While preparing for a weekend of talks to junior high students at Forest Home, I found myself wrestling with two truths I was trying to teach.
The theme set by the camp was “everything.” Not like, “teach whatever I wanted” everything. They were basing this on the “shema” in Deuteronomy 6 that Jesus quotes in response to the question, “What is the greatest commandment?”
“The most important one,” answered Jesus, “is this: ‘Hear, O Israel: The Lord our God, the Lord is one. Love the Lord your God with all your heart and with all your soul and with all your mind and with all your strength.’”
In other words, God wants our everything. As I read this over and over again for like the five thousandth time, I was reminded of two truths I needed to live out and communicate.
“EVERYTHING CAN’T BE EVERYTHING.”
First, if I give my all to something, then I can’t give my all to anything else. I think in a multi-tasking society, where we believe we can do 50 things at once, this is a profound reminder. I can give parts of me to lots of stuff, but if I want to give my all to God, then I can’t do that and give my all to anything else. Only one thing can be my everything.
When I let the opinions of people, the acquiring of stuff and the achievement pile become my top priority for a season, then it by default moves God out of first place. I can’t do that and say “yes” to this call in the Greatest commandment.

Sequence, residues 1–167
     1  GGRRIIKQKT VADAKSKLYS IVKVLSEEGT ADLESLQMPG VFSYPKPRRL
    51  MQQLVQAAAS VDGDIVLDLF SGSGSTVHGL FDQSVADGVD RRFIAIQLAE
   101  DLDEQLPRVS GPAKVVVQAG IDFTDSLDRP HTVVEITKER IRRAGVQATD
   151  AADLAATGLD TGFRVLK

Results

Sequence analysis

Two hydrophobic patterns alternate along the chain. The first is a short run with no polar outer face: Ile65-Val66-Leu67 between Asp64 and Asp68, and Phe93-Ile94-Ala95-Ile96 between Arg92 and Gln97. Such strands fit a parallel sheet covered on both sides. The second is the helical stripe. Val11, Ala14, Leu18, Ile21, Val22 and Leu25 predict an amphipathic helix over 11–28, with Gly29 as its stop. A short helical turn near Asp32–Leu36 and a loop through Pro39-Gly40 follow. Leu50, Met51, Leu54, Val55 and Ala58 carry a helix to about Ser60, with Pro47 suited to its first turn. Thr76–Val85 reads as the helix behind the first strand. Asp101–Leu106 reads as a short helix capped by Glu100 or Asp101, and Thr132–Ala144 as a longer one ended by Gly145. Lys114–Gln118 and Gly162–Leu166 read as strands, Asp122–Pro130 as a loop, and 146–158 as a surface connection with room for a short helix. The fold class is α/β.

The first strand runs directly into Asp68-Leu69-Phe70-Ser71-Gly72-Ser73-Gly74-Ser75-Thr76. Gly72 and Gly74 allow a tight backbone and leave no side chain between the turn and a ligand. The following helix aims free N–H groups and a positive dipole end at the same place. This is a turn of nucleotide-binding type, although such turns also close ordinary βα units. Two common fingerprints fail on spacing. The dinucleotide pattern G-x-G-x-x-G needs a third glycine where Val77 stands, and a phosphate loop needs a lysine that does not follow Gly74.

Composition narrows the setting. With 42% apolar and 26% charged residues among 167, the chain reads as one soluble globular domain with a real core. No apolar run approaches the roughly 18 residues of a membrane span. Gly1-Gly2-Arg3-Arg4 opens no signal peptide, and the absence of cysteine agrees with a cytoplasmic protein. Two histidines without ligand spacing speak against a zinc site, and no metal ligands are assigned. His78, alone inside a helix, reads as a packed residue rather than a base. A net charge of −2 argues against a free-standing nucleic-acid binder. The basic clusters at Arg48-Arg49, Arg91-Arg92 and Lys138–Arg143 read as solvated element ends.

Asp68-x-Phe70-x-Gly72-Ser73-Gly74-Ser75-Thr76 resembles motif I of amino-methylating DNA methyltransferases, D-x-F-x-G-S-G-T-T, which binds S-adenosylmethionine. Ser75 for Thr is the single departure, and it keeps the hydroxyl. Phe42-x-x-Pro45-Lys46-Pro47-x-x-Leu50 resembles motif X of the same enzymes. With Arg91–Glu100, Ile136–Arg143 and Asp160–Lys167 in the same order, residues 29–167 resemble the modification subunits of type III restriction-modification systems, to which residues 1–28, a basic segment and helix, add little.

“AVERAGE IS THE ENEMY OF AWESOME.”
Second, I found myself wrestling with why it is that I find myself settling for less than “all of God in all of me in all areas of my life.” To that end, this observation proved profound for me spiritually this weekend as I taught it and personally processed it.
When I accept an average amount of God in my life, I miss out on the awesome that God has in store. In a world of comparison games, immediately we go to some sort of competition with that phrase. As in: Who can you be more awesome than? But the truth is, this call of God has NOTHING to do with comparison. Awesome is not defined as “better than,” it is defined as ALL of God in ALL of me! That is awesome.
It’s deciding that the phrase “it is what it is” in this context is flat out a cop-out. No, my spiritual life is not an “is what it is” reality. Our spiritual connection with God is never all it is or could be. There’s so much more. And to that end, Satan doesn’t need me to reject God to win; all he needs is for me to accept a moderate amount of God.
Bottom line, when I settle, it’s a victory for the enemy.
So this week, I’m wresting with these two questions as I search my soul:
1. Is my top priority in my schedule this week something God can be and is fully present in?
2. Where have I settled for average when God had a plan for awesome?